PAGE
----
Late 14th or early 15th century
Metropolitan Museum of Art
This is a typical portrait of St. Genevieve, holding a candle that a devil is trying to blow out and an angel is relighting. In her legend she was going to church with some other nuns in the dark night when a gust of wind blew out their candle. She took the candle, and it relighted itself. Although she was a nun at the time, the images usually dress her as a young noblewoman (Duchet-Suchaux, 157).
The inscription above the illustration is De sancta genovefa.ā., "Of Saint Genevieve." (I am not sure what the .ā. means.) The words below are Ista est virgo sapiens quam dominus invenit vigilantem que accensa lampa…, "This is the wise virgin whom the Lord found keeping watch, who [kept her?] lamp lighted."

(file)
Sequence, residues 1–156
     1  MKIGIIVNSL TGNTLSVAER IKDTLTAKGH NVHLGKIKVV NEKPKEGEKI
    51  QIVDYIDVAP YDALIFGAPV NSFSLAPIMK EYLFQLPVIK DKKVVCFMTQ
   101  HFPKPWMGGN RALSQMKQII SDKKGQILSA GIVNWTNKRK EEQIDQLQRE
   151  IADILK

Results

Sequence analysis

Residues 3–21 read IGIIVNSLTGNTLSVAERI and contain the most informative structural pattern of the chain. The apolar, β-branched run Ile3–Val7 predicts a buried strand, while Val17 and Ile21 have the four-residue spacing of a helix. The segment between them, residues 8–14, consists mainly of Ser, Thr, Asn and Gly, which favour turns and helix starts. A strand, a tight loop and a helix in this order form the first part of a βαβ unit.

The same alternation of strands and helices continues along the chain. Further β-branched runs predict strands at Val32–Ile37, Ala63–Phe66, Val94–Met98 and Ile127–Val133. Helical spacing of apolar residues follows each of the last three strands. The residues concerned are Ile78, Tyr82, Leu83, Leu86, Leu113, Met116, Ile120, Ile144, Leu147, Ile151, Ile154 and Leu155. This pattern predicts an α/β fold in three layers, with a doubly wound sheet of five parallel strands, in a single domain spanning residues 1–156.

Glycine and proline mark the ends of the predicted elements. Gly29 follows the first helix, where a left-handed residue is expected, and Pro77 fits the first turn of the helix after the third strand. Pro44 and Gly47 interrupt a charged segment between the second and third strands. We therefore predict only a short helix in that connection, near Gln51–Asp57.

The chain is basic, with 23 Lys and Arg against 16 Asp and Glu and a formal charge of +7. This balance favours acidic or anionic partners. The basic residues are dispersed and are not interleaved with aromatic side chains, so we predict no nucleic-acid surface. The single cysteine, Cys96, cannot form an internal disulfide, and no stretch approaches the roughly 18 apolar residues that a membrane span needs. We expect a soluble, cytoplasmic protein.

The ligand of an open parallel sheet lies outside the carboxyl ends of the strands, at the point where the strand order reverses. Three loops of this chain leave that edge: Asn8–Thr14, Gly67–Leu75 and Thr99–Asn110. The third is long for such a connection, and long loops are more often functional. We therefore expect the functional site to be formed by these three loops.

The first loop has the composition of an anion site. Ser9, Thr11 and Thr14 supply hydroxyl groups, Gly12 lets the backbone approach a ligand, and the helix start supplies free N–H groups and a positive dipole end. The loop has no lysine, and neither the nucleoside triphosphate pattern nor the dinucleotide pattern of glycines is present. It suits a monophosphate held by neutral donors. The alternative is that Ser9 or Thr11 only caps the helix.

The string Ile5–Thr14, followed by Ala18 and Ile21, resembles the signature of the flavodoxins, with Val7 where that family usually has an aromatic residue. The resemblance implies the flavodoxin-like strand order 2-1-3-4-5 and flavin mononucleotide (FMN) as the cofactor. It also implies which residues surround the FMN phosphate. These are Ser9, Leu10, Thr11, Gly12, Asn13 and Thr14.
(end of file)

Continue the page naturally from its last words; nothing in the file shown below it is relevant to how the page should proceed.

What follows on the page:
St. Genevieve is the patron saint of Paris. She is in the Roman Martyrology for January 3: "In Paris, St. Genevieve, Virgin, who was dedicated to Christ by Blessed Germanus, Archbishop of Auxerre, and shone forth by her admirable virtues and miracles." A Latin vita is in MHG: Scriptores Rerum Merovingicarum, III, 204-238. Also see Gregory of Tours, De Gloria Confessorum / Glory of the Confessors, chapter 89 (Chapter 91 in Migne, col. 896; 90 in van Dam, pp. 68-69).
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Photographed at the museum by Claire Stracke, shared under Attribution-NonCommercial-ShareAlike license.